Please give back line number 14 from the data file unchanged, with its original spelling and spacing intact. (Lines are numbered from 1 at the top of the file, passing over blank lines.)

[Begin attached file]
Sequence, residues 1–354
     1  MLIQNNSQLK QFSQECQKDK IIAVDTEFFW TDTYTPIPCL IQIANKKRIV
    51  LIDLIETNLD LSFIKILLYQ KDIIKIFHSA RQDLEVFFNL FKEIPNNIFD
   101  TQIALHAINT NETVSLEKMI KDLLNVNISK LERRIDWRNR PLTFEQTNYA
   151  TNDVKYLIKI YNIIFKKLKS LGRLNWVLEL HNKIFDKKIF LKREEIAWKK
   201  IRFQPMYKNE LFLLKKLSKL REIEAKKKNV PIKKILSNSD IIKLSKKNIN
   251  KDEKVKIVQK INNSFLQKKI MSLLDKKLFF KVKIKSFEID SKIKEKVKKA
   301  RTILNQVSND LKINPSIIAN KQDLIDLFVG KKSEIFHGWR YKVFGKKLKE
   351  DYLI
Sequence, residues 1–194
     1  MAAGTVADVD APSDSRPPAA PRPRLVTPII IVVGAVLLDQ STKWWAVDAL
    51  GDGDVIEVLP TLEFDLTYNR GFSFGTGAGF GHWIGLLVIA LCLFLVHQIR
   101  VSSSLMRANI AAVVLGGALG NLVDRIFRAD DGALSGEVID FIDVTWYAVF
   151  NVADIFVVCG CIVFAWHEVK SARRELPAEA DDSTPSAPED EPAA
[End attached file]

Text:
   151  NVADIFVVCG CIVFAWHEVK SARRELPAEA DDSTPSAPED EPAA